You know what they say about setting up shop. It’s location, location, location.
Don’t want your best business ideas blown away like crisp Autumn leaves? Don’t bury them under a rock. Get on the busiest corner and display your wares.
Your business needs a bold image. It needs to live in the consciousness of fans. You’d want people to see it, taste it, rave about it, and post well-filtered pictures on Instagram. That’s just how social works.
% Arabica seems to understand this business proposition well. The modest, minimalist coffee shop is a stone’s throw from the iconic pagoda of the Hokanji Temple in eastern Kyoto.
I don’t know anyone who needs coffee more than scenery-chewing tourists. Good coffee is the answer to sore feet, a spot of map-reading, and gratuitous people-watching. It’s fuel for the adrenalin.
% Arabica is feverishly popular and it’s easy to see why. Unlike tedious hipster coffee joints, it doesn’t project, “we’re too cool for you”. The barista isn’t an unsmiling, heavily tatted bloke who looks like he did time.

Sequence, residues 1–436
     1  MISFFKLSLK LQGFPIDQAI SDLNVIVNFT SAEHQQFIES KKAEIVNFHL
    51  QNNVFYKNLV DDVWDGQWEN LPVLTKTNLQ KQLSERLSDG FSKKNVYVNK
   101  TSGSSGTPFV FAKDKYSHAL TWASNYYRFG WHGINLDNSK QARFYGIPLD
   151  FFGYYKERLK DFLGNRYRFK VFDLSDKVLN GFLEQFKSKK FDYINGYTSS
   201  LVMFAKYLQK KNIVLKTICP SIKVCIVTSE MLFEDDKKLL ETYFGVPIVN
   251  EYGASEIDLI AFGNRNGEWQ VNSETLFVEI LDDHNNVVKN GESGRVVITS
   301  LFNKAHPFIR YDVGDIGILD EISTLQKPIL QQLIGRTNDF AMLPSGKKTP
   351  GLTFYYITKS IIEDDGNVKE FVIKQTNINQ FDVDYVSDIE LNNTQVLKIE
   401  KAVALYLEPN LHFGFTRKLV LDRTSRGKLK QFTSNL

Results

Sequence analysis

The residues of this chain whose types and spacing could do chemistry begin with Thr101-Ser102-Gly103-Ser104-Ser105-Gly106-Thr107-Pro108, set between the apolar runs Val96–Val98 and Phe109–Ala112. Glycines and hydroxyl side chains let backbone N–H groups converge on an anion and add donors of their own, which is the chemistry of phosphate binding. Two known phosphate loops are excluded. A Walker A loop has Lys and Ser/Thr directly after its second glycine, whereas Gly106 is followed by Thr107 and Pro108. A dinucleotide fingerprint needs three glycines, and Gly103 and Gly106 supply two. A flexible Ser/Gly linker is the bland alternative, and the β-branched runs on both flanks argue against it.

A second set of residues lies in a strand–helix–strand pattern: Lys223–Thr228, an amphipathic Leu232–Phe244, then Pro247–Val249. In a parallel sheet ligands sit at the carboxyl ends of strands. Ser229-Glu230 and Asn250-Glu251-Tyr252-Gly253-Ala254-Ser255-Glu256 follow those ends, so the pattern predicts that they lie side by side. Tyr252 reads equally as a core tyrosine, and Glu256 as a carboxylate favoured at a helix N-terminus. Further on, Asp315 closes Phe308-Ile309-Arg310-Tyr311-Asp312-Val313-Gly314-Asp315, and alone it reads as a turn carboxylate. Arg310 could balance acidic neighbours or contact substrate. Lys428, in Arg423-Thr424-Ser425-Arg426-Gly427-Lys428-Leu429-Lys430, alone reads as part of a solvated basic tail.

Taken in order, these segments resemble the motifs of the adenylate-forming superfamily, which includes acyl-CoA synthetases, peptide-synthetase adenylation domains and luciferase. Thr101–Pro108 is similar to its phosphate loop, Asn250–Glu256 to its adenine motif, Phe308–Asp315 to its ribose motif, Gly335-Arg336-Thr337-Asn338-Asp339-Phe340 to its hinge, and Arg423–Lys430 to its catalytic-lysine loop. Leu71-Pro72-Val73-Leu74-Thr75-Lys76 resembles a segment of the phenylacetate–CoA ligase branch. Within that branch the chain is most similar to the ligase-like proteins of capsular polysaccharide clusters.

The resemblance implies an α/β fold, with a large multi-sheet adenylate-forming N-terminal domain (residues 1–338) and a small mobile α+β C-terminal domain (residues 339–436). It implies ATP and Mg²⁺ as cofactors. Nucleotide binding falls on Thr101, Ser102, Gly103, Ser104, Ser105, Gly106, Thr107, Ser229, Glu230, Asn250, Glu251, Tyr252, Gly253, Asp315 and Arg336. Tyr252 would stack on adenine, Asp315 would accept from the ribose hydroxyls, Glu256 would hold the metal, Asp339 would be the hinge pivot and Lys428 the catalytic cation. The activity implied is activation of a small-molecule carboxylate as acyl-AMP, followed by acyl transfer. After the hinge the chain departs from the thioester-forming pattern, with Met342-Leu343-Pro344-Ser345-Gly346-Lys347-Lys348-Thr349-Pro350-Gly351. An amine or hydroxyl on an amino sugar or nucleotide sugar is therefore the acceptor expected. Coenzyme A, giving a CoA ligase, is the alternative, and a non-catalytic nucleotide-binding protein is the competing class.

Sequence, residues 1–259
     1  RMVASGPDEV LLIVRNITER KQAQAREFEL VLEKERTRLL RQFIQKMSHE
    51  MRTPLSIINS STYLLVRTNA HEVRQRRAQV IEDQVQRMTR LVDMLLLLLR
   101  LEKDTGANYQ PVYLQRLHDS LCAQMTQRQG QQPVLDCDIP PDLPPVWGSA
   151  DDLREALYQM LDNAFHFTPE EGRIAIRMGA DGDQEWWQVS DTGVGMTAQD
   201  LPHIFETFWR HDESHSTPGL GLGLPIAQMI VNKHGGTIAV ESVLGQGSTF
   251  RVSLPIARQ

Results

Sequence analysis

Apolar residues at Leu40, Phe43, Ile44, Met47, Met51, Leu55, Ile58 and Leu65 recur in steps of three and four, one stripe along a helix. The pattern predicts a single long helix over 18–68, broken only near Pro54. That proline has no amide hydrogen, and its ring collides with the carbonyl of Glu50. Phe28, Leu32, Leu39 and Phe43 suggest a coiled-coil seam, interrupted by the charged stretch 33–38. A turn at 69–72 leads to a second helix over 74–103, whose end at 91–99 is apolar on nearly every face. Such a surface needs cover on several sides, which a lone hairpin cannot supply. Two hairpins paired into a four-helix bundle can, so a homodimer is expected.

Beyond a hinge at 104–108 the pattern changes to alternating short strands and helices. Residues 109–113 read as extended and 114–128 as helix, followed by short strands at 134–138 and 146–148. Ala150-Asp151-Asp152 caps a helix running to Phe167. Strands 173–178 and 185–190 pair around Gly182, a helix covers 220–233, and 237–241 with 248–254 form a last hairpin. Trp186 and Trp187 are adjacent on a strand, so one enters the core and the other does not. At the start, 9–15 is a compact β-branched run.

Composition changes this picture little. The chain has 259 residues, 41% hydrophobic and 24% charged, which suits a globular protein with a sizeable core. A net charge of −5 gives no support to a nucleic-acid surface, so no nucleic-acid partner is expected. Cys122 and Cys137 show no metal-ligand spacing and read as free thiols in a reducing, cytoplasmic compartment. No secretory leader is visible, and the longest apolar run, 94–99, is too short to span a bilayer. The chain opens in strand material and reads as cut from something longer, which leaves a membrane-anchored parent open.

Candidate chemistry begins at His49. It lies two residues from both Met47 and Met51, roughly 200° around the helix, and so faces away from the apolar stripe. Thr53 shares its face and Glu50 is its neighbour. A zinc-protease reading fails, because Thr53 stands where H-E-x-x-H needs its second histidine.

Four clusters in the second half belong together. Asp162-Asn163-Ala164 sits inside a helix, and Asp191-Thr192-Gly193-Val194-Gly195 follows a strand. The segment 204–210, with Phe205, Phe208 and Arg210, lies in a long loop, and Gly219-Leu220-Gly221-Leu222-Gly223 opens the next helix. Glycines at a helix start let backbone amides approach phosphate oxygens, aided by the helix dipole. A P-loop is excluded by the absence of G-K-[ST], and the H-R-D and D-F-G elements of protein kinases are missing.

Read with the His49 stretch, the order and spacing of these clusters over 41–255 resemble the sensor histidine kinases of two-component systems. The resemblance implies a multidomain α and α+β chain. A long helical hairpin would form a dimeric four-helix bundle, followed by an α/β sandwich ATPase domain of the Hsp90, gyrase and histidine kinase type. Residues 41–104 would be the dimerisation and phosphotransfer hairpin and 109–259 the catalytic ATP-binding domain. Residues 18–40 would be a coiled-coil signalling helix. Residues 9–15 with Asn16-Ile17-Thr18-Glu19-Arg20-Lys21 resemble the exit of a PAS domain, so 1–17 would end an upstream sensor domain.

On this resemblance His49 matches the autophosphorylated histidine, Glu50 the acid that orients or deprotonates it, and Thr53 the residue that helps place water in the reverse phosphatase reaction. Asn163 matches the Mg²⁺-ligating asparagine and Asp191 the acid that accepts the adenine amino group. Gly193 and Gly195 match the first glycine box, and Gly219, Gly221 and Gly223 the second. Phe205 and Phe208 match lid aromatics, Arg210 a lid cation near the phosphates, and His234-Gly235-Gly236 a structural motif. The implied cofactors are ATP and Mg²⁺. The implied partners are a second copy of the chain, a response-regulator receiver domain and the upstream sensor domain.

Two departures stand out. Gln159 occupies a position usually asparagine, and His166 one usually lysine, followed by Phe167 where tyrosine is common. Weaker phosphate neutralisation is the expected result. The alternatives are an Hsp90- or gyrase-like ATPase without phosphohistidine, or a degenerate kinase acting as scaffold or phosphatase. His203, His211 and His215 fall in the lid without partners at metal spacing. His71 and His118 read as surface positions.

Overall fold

Unlike chain coffee stores, no one here is singing your orders. Or asking for your name to write on cups.
There is no festive merchandise to hawk. Neither are there third-party cakes from a central kitchen 20 kilometres away.
%Arabica is all about beans and coffee. Pure and simple.
You want your coffee? Good. Place an order. Then wait, like an adult, to pick it up.
Chief barista Junichi Yamaguchi is a latte art champion who brews morning-worthy coffee. He is friendly and efficient. Small talk remains that, small.
The store uses a high-tech machine called Slayer. It is a sexy beast you’d want to whisper your darkest caffeinated thoughts to.
Fun fact: % Arabica has more than 20 varieties of beans, and they ship direct from its own coffee farm in Hawaii. They’ll even pack custom roasts if you can wait 15 minutes.
The store is built with clean lines, cool textures and some serious respect for beans. There is an extended counter for you to post with flat-lays.
Walk in and you’re greeted with the rich smell of fresh roasts, punctuated with notes of cedar and clove.
You’ll want to stay here and flip a trashy rag, reply to texts, or plan your next vacation. That is, if the tons of faux kimono-wearing tourists don’t drive you away first.
% Arabica Kyoto, 87-5 Hoshino-cho Higashiyama-ku Kyoto, Opening hours: 8am – 6pm daily, Tel: 075-746-3669